When Antiochus heard about these events, he was angry; so he ordered a muster of all the forces of his kingdom, a very strong army.


He opened his treasure chests, gave his soldiers a year’s pay, and commanded them to be prepared for anything.


He then found that this exhausted the money in his treasury; moreover the income from the province was small, because of the dissension and distress he had brought upon the land by abolishing the laws which had been in effect from of old.


He feared that, as had happened more than once, he would not have enough for his expenses and for the gifts that he had previously given with a more liberal hand than the preceding kings.


Greatly perplexed, he decided to go to Persia and levy tribute on those provinces, and so raise a large sum of money.


He left Lysias, a nobleman of royal blood, in charge of the king’s affairs from the Euphrates River to the frontier of Egypt,


and commissioned him to take care of his son Antiochus until his own return.


He entrusted to him half of the army, and the elephants, and gave him instructions concerning everything he wanted done. As for the inhabitants of Judea and Jerusalem,


Lysias was to send an army against them to crush and destroy the power of Israel and the remnant of Jerusalem and efface their memory from the land.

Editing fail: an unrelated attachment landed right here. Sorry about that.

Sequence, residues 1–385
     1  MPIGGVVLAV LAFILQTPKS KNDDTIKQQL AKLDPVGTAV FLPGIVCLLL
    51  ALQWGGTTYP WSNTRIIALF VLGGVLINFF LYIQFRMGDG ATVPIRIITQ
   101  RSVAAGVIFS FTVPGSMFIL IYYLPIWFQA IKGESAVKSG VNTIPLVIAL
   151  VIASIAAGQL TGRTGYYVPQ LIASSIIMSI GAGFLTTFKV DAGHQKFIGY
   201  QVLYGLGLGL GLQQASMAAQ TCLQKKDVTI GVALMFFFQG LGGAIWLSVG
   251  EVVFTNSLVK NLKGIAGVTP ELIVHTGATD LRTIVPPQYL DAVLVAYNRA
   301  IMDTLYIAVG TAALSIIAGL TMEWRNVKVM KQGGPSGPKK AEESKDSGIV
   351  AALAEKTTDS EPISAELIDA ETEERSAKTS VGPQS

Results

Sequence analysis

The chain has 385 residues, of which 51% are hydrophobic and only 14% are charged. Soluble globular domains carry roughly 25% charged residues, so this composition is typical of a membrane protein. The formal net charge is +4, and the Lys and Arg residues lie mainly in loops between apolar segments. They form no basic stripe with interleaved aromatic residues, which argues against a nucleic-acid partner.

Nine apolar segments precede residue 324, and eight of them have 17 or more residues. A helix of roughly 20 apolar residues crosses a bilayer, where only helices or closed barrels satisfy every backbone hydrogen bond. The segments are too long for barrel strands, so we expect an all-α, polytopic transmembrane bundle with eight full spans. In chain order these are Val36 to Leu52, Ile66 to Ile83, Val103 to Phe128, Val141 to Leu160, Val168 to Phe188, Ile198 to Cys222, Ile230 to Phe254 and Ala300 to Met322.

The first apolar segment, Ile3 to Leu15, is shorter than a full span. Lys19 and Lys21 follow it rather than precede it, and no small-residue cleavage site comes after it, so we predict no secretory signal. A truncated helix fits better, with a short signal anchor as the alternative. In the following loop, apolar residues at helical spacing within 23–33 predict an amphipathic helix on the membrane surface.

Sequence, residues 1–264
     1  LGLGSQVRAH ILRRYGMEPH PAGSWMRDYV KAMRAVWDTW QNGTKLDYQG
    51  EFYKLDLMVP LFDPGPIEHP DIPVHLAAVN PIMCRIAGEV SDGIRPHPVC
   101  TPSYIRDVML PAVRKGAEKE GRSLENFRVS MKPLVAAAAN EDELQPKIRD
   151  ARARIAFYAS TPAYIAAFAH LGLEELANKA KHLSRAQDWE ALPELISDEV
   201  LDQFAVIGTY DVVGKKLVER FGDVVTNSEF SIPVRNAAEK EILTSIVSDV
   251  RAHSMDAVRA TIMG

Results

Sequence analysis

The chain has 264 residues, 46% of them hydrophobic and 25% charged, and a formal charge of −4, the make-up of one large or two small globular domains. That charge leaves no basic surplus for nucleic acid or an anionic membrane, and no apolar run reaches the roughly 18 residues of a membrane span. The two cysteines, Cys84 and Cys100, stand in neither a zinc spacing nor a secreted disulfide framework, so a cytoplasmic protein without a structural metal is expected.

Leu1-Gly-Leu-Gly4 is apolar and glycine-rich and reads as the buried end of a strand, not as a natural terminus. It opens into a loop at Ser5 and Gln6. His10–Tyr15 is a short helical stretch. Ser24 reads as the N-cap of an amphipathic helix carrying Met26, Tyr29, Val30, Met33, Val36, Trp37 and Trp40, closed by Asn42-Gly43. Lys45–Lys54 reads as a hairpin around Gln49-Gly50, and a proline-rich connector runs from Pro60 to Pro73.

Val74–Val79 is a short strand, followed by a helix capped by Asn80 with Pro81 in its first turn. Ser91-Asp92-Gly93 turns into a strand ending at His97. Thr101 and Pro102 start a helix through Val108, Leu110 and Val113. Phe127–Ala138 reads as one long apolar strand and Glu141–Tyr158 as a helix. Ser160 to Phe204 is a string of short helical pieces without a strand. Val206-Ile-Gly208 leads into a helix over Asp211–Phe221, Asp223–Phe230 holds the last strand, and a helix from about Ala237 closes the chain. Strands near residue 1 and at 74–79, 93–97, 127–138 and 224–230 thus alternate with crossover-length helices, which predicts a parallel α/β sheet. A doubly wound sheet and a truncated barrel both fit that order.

He was to settle foreigners in all their territory and distribute their land by lot.


5 The king took the remaining half of the army and set out from Antioch, his capital, in the year one hundred and forty-seven; he crossed the Euphrates River and advanced inland.


6 Lysias chose Ptolemy, son of Dorymenes, and Nicanor and Gorgias, capable men among the King’s Friends,


and with them he sent forty thousand men and seven thousand cavalry to invade the land of Judah and ravage it according to the king’s orders.


7 Setting out with all their forces, they came and pitched their camp near Emmaus in the plain.


When the merchants of the country heard of their fame, they came to the camp, bringing fetters and a large sum of silver and gold, to buy the Israelites as slaves. A force from Idumea and from Philistia joined with them.


Judas and his brothers saw that the situation had become critical now that armies were encamped within their territory; they knew of the orders which the king had given to destroy and utterly wipe out the people.


So they said to one another, “Let us restore our people from their ruined estate, and fight for our people and our sanctuary!”


The assembly gathered together to prepare for battle and to pray and implore mercy and compassion.


Jerusalem was uninhabited, like a desert; not one of her children entered or came out. The sanctuary was trampled on, and foreigners were in the citadel; it was a habitation of Gentiles. Joy had disappeared from Jacob, and the flute and the harp were silent.


8 Thus they assembled and went to Mizpah near Jerusalem, because there was formerly at Mizpah a place of prayer for Israel.


That day they fasted and wore sackcloth; they sprinkled ashes on their heads and tore their clothes.